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Principles of Extension

Principles of Extension

          The principles of extension are relative and not necessarily fixed in importance or sequence. The principles discussed here are those which are either fundamental in nature or widely accepted in literature on the subject.

  1. Principles of interest and needs: People's interests and people's needs are the starting points of extension work. To identify the real needs and interests of the people are challenging tasks. The extension agents should not pass on their own needs and interests as those of the people. Extension work shall be successful only when it is based on the interests and needs of the people as they see them.
  2. Grass-roots principle of organization: Extension programme should start with local problems. Extension work should start with where people are and what they have.

The establishment of the three-tier system namely, village panchayat, Block-samiti and Zila Parishad, followed by state legislatures and parliament satisfies the grass- roots principles of organization in the extension (Dhama and Bhatnagar, 2009).

  1. Principle of cultural difference: In order to make extension programmes effective, the approach and procedures must be suited to the culture of the people who are to be taught different culture require different approaches. A blue print of plan of action designed for one region cannot be applied effectively to another region due to cultural difference.
  2. Principle of co-operation and participation: Most members of the village community will willingly cooperate in carrying out a project which they helped to decide to undertake. It has been the experience of many countries that people become dynamic if they are permitted to take decisions concerning their own affairs, exercise responsibility for and are helped to carry out projects in their own village.
  3. Principle of applied science and democratic approach: Extension is an applied science, it is a two way process. The problems of people/farmers are identified and taken to the concerned scientists, who on the basis of research and experimentation find out the solution best suited to their conditions. The extension worker then, with the various means disseminate these findings in such a way that the farm families can voluntarily adopt them to satisfy their own needs.

          However, it is democratic in a way that all possible solutions are placed before the participants, and their merits are highlighted through mutual discussions. Ultimately the people are left free to decide their line of action, what method to be adopted in their local situations with their own resources and available government assistance (Dhama & Bhatnagar, 2009).

  1. Principle of learning by doing: "Farmers, like other people, hesitate to believe and set on theories; or even facts, until they see with their own eyes the proof of them in material form. We must in some way, bring this work to their personal attention. We must carry it home to them".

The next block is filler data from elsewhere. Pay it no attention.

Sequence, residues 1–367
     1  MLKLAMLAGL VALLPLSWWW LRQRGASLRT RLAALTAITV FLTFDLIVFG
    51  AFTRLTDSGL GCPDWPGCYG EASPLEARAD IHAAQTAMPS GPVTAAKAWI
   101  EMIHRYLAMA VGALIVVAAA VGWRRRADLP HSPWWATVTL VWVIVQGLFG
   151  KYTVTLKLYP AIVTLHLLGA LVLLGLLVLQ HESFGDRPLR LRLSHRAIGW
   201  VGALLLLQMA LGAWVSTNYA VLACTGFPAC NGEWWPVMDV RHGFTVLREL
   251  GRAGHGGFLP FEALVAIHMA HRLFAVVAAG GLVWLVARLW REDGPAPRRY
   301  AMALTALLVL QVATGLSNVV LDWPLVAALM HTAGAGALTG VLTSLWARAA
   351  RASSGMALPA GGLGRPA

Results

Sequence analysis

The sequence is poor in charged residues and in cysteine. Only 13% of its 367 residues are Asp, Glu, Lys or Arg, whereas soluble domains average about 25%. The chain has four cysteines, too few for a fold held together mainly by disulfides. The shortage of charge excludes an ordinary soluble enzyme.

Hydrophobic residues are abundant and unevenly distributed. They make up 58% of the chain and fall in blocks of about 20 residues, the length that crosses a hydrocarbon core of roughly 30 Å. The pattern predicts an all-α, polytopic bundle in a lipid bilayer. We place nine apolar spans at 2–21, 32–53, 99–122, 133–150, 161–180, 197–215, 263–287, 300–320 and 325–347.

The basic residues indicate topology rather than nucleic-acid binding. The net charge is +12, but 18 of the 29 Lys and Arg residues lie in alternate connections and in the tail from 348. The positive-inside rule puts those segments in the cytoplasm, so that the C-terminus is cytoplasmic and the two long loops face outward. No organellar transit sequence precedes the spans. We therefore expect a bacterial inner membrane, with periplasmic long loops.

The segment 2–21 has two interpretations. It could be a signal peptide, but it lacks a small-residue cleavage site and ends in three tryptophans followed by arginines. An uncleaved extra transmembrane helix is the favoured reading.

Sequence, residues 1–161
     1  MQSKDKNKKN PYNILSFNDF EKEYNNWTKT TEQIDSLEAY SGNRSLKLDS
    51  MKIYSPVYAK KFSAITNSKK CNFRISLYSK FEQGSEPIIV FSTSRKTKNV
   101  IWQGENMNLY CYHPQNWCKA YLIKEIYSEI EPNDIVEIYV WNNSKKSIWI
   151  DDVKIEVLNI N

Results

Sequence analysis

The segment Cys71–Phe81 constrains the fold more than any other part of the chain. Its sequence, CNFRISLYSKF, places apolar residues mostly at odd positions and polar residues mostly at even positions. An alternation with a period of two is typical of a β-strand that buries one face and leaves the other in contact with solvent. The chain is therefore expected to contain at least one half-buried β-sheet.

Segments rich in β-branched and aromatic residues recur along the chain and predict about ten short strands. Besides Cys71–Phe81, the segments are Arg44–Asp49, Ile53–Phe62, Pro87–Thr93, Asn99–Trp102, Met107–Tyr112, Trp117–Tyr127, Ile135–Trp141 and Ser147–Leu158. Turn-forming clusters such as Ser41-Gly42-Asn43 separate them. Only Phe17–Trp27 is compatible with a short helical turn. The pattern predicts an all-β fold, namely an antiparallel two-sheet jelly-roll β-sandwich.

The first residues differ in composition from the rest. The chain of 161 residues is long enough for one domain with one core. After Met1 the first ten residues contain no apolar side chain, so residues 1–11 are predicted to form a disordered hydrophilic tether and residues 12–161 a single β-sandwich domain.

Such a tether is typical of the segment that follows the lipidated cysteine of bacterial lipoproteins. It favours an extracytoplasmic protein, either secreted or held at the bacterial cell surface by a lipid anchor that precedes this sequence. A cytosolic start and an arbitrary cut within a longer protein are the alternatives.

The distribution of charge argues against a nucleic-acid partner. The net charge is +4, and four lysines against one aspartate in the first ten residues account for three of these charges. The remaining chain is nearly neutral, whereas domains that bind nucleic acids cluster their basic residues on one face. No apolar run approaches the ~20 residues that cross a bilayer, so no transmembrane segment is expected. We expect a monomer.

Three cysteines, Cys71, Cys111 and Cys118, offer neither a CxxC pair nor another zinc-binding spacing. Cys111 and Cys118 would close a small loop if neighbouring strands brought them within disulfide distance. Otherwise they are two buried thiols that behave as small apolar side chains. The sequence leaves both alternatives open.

However, learning by doing is most effective in changing people's behaviours. This develops confidence as it involves maximum number of sensory organs.

  1. Principle of trained specialists: Trained specialist have to be provided, who keep themselves in touch with their respective research institutes on the one hand and extend to the extension worker, meaningful terms, the latest scientific developments, which have scope for adoption in particular areas.
  2. Principle of adaptability: Extension work and extension teaching methods must be flexible and adopted to suit the local conditions. This is necessary because the people, their situation, their resources and constraints vary from place to place & time to time. (Singh et al., 2006)
  3. Principle of leadership: The involvement of leaders in extension programmes is the one single factor that determines the success or failure of those programmes. Local leaders are th guardians of local thought and action and can be trained and developed to best serve as interpreter of new ideas to the villagers.

10.      Whole family principle: The family is the unit of any society   the members of the family have to be developed equally by involving all them, because:-

    1. The extension programme affects all members of the family.
    2. Family members have great influence in decision making.
    3. It creates mutual understanding.
    4. It balances farm and family needs.
    5. It provides an activity outlet for all.
    6. It assures family services to the community and society.

(Dhama & Bhatnagar, 2009)

11. Principle of satisfaction: The end product of extension work should produce satisfying results for the people. Satisfying results reinforce learning and motivate people to seek further improvement.

 

 

 

 

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Please note that this is the opinion of the author and is Not Certified by ICAR or any of its authorised agents.